Pests in Gardens and Landscapes: Quick Tips

Tree Borers

Published   5/18

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Bark beetles make tiny holes in tree trunks and branches.

Bark beetles make tiny holes in tree trunks and branches.

Flatheaded borers produce large exit holes in trunks.

Flatheaded borers produce large exit holes in trunks.

 Clearwing moth larvae bore large holes and leave sawdust-like frass.

Clearwing moth larvae bore large holes and leave sawdust-like frass.

A number of different types of insects can bore into tree trunks and branches as adults or larvae, producing sawdust or sap-filled holes and weakening trees. Most borers can successfully attack only trees that have been stressed by improper irrigation or care, disease, or mechanical injury. However, some invasive insect borers attack healthy trees. Usually by the time a tree is infested with borers, there is little you can do to manage them other than to improve tree vigor, prune out infested branches, or remove the tree. Insecticides can be used to prevent infestations of borers on high-value trees.

To avoid a borer attack, keep trees healthy:

  • Plant tree species adapted to your area.
  • Irrigate trees properly and separately from regular lawn watering.
  • Avoid mechanical injuries to trunks and roots.
  • Protect tree trunks and branches from sunburn.
  • Avoid pruning trees when borer adults are flying, usually late winter through late summer.
  • Replace old declining trees.
  • Monitor tree trunks and branches regularly to detect infestations before they become serious.

Correct borer identification is essential.

  • Effective management practices vary by insect species.
  • Confirmation of species requires finding the insect, although knowing symptoms and host plant species can help narrow down the possibilities.
  • Many tiny holes in tree trunks and branches may indicate bark beetles; larger open tunnels filled with sawdust-like boring dust (frass) indicate clearwing moths; flatheaded or roundheaded borers leave wet spots and dark stains and D-or 0-shaped emergence holes.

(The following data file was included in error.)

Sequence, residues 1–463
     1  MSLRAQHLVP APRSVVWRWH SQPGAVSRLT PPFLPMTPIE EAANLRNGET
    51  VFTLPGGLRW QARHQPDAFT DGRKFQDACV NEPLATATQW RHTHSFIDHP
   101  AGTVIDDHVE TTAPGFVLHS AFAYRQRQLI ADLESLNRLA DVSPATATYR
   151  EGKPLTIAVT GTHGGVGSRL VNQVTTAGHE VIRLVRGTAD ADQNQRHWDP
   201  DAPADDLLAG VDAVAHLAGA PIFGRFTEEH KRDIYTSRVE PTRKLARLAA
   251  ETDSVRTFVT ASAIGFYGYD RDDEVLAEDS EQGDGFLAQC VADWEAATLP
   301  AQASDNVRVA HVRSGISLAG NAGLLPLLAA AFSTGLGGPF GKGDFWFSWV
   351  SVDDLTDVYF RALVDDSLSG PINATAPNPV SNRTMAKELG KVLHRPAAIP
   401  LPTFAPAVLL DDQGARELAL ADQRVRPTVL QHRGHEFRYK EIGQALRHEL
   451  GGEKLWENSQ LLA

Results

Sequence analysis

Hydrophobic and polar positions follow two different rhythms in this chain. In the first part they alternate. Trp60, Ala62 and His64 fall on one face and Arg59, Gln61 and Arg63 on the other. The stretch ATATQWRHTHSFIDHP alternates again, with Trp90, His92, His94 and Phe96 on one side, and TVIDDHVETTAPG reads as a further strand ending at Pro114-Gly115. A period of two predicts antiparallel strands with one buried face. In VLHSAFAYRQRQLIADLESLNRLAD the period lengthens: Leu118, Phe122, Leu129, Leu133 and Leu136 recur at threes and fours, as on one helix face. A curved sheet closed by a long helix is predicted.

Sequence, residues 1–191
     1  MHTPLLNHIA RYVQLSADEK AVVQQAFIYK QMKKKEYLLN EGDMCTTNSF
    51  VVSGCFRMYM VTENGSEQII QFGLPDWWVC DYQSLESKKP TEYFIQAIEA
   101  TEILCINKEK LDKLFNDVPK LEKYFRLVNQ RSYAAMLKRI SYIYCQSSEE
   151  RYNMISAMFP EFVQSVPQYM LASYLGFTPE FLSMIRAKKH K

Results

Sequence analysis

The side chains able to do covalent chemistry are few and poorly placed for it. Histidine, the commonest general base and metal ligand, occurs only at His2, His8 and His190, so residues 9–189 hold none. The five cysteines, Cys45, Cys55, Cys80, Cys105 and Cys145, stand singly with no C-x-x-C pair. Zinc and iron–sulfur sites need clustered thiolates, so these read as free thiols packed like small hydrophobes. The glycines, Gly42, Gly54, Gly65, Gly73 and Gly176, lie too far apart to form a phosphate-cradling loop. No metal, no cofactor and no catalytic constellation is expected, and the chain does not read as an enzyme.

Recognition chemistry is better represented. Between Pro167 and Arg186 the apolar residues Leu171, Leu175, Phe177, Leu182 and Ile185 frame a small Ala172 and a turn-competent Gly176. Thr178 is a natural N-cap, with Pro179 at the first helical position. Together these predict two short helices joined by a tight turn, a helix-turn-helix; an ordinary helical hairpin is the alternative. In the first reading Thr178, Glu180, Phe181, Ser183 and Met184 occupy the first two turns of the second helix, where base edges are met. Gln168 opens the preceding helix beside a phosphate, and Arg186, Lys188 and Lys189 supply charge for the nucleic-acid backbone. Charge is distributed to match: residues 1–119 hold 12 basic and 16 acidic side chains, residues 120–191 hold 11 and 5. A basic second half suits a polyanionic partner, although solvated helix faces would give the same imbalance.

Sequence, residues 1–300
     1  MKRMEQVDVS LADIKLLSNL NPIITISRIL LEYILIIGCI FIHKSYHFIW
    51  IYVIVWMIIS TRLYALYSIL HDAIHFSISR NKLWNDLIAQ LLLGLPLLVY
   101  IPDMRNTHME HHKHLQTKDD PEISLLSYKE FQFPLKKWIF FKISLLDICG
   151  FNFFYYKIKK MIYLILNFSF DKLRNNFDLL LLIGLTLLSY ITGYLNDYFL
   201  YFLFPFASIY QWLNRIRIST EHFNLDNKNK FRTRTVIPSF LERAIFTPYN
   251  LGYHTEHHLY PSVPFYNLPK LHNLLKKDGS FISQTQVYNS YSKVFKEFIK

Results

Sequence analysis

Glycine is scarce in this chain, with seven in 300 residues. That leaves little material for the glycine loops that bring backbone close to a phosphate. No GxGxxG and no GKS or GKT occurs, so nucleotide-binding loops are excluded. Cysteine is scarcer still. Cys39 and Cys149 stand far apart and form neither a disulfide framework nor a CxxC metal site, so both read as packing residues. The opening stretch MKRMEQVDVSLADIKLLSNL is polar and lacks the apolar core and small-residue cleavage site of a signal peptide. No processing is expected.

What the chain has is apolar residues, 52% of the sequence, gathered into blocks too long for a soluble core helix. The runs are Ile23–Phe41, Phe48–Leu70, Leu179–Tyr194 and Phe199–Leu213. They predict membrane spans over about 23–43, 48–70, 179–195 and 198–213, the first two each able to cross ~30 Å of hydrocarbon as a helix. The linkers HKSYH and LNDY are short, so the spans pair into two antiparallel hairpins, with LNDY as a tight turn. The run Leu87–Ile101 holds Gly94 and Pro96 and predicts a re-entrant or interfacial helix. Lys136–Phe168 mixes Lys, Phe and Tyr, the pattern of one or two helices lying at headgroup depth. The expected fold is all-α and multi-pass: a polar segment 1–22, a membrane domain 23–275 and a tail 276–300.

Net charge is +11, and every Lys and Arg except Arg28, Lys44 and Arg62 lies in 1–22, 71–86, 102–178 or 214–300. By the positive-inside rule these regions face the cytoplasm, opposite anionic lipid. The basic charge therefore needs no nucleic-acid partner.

Nonchemical ways to manage tree borers:

  • Follow guidelines for keeping trees healthy.
  • Prune out infestations of bark beetles and other boring beetles on branches.
  • If the main trunk is extensively bored, remove the tree and focus on protecting neighboring trees of the same species.
  • Clearwing moth larvae can be killed by probing tunnels with a stiff wire.
  • Apply beneficial Steinernema nematodes to kill clearwing moth larvae.

What about pesticides?

  • Limit pesticide (insecticide) use (sprayed or systemic) to protecting healthy trees and combine with other nonchemical methods to improve tree defense.
  • Insecticides are most effective when applied before adults land on the tree to lay eggs on trunks or branches or bore in. Careful timing is essential for success.
  • Insecticides won’t save heavily infested trees because they have limited impact on borers already inside the tree.
  • If treatment is warranted, use persistent insecticides labeled for bark treatment such as carbaryl or certain pyrethroids. Effective insecticides for wood borers are available only to licensed applicators.

Minimize the use of pesticides that pollute our waterways. Use nonchemical alternatives or less toxic pesticide products whenever possible. Read product labels carefully and follow instructions on proper use, storage, and disposal.

Statewide IPM Program, Agriculture and Natural Resources, University of California
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Agriculture and Natural Resources, University of California

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